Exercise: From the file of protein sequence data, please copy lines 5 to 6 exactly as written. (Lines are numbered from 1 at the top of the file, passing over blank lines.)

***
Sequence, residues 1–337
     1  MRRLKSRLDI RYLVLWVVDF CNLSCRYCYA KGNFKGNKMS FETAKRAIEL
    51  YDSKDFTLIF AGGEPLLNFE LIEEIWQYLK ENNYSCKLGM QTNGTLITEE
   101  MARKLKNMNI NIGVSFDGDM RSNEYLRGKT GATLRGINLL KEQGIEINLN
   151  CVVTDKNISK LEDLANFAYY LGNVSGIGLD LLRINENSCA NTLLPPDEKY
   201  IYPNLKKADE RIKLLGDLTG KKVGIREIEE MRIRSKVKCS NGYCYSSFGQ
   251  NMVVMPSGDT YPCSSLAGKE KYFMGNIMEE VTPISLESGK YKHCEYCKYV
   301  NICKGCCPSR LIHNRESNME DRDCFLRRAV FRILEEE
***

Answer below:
   151  CVVTDKNISK LEDLANFAYY LGNVSGIGLD LLRINENSCA NTLLPPDEKY
   201  IYPNLKKADE RIKLLGDLTG KKVGIREIEE MRIRSKVKCS NGYCYSSFGQ